Top 10 New Cars for Less than $15,000
Good cars can be had at bargain-basement prices. Here are the ones you should be looking at.
If you wanted a cheap car 15 years ago, your options were limited to the kind of transportation usually reserved for Third World countries. Back then, cars on the low end of the spectrum amounted to nothing more than four wheels, something that resembled an engine and a cardboard interior wrapped in recycled beer cans. At best, they were slow, uncomfortable and relatively unsafe. At worst, they were time and money sucking machines that could double as a coffin in a pinch. That is, if EMS couldn't cut you out after a metal-to-metal mishap.
Thankfully you can kiss those days goodbye. Today's econo cars live on a much different plane of existence. For less than $15,000, you can purchase a vehicle equipped with a bevy of safety features, decent pep and phenomenal fuel economy. Bottom line: We're talking better-than-basic transportation at a fair price. To help you narrow down what to buy, here are our picks for the best vehicles under $15,000.
The Fit just barely squeezes under the price line, at $14,750, and can easily climb upward with a few ticks on the option sheet. But, as the adage goes, you get what you pay for. This little Honda is an all-star in the utility department thanks to plenty of cargo room in back and clever storage spaces throughout the vehicle. What's more, the 1.5-liter 4-cylinder engine delivers 117 horsepower — more than enough to scoot you and your friends downtown in a hurry — all while delivering 33 mpg highway in 5-speed manual trim or 35 mpg highway with the available 5-speed automatic.
Whereas most cars in the economy segment tend to be just big enough for a driver and a briefcase, the Elantra GLS serves up boatloads of space. The roomy 4-door also offers standard features such as a tire-pressure monitoring system, electronic power steering, front and side curtain airbags, anti-lock brakes, power windows and doors and keyless entry — all for $14,120. A 5-speed manual transmission is standard equipment, though an automatic is available. Worried about Korean reliability? Hyundai's fantastic 100,000-mile warranty leaves you with no excuses. Fuel economy from the 2.0-liter 4-cylinder engine could be better (25/33 mpg city/highway), but if that's the price to pay for additional space between kicking kids, it can easily be overlooked.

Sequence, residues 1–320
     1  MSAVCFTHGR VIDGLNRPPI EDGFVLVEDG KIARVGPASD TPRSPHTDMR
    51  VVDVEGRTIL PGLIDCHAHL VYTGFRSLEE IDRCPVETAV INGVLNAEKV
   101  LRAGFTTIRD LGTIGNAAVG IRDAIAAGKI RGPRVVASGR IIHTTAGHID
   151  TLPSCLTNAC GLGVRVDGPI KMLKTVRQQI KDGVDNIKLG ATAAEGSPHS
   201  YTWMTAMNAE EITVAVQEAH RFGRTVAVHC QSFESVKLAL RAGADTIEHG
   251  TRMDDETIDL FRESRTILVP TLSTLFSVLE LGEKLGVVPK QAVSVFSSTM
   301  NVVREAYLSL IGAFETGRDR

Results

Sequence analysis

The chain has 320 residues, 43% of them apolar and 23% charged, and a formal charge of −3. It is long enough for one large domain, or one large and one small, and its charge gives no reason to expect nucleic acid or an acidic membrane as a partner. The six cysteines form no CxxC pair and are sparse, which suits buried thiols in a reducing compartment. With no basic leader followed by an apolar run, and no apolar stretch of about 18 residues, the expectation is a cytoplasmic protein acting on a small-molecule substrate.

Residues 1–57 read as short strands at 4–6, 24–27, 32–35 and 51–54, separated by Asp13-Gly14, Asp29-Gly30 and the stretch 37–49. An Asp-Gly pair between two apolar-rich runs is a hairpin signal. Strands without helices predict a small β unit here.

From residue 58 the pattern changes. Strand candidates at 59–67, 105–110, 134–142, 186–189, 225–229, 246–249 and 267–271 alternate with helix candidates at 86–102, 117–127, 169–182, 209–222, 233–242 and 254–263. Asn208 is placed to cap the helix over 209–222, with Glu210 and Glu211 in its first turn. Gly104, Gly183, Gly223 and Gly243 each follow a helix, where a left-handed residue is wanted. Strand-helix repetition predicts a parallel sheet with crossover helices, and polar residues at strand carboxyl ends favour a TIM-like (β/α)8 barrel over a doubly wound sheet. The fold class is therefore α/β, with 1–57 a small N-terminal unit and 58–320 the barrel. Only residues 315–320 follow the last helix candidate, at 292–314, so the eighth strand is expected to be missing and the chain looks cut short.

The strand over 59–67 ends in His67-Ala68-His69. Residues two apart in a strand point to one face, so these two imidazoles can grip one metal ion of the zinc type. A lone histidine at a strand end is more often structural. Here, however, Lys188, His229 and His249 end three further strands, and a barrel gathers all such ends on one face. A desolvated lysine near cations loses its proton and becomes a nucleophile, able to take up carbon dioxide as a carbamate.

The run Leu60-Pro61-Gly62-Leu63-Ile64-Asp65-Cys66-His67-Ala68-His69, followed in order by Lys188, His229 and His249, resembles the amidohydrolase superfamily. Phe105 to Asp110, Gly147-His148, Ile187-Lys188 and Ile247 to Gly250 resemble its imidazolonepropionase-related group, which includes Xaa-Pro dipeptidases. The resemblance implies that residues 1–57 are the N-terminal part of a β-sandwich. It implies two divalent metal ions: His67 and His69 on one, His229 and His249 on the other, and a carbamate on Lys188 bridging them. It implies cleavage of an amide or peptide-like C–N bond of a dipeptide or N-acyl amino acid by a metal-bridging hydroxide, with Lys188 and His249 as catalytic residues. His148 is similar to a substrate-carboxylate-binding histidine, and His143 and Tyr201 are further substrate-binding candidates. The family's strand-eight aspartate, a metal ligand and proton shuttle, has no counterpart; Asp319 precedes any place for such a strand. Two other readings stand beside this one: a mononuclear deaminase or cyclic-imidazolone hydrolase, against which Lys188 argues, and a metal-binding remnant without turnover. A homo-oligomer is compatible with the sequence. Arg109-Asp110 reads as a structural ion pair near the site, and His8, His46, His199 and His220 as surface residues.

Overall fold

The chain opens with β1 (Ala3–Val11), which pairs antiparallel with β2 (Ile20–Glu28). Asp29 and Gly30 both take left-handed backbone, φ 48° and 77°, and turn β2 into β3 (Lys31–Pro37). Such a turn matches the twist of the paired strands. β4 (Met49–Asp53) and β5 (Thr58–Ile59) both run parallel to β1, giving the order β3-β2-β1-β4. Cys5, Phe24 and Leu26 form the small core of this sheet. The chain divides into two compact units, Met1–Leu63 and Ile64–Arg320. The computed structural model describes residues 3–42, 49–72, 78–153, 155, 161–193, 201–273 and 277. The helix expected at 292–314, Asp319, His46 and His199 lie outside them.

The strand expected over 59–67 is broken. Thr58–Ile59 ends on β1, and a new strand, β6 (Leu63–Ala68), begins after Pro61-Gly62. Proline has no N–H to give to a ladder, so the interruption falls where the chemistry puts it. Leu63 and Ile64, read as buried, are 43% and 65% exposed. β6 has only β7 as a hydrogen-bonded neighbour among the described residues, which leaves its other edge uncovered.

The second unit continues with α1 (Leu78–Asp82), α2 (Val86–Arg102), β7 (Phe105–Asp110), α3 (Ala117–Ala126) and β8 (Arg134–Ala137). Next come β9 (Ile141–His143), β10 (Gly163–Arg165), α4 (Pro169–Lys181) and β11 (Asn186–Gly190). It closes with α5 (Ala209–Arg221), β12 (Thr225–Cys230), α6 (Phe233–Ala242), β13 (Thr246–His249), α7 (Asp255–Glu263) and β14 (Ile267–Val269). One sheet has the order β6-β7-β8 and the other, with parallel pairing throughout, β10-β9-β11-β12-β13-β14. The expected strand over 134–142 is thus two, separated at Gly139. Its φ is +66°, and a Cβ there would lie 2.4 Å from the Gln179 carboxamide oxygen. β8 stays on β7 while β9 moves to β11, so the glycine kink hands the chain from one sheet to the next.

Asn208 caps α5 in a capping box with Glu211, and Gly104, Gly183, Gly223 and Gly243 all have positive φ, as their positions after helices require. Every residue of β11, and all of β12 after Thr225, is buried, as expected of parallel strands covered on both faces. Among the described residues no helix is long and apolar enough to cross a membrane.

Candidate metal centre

The Focus has been a longtime favorite of the coin conscious, and there's little guesswork regarding why. The car received a complete redesign for 2008, and the lovable hatchback of old was replaced with a slick-looking new coupe and 4-door design. Aside from the snappy suit, the Focus is also blessed with a potent 140 horsepower 2.0-liter 4-cylinder engine. Coupled to the standard 5-speed manual transmission, the Focus is good for an applause-worthy 35 mpg highway. Of course, opting for the automatic gearbox will easily put you over the $15,000 mark, and if you're crossing that line, it should be the fault of Ford's fantastic Sync audio system. The manual transmission Focus comes in at $14,995.
Like the Hyundai Elantra, the Mitsubishi Lancer serves up lots of space on the cheap. Powered by a near-bulletproof, dual-overhead-cam 2.0-liter 4-cylinder engine, the Lancer delivers an impressive 152 horsepower and 146 lb-ft of torque. A 5-speed manual transmission comes standard, but if you aren't into the row-your-own scene, a continuously variable unit can be had for a little above the Lancer's $14,340 sticker. That may seem steep for basic transportation, and it would be if this car were actually basic fare. From the factory, the low-end Lancer comes with power windows and mirrors and a kickin' 140-watt CD/MP3-capable audio system, plus the awesome styling of its big sibling, the Lancer Evolution.
If you're looking for king-of-the-heap fuel economy in a cute-as-a-button package, the Yaris is your ride. Don't let the cutesy looks and meager power specs fool you. This tiny hatchback has a surprising amount of pep in spite of the 106-horsepower 1.5-liter 4-cylinder engine. How is that possible? A featherweight construction means this ride makes the most of every last pony, as well as every ounce of fuel. The Yaris is capable of an astounding 36 mpg highway, even with the most lead-footed, disgruntled commuter behind the wheel, and that's pretty impressive for a nonhybrid. What's more, the Yaris will hit you for only $12,205 in 5-speed manual trim.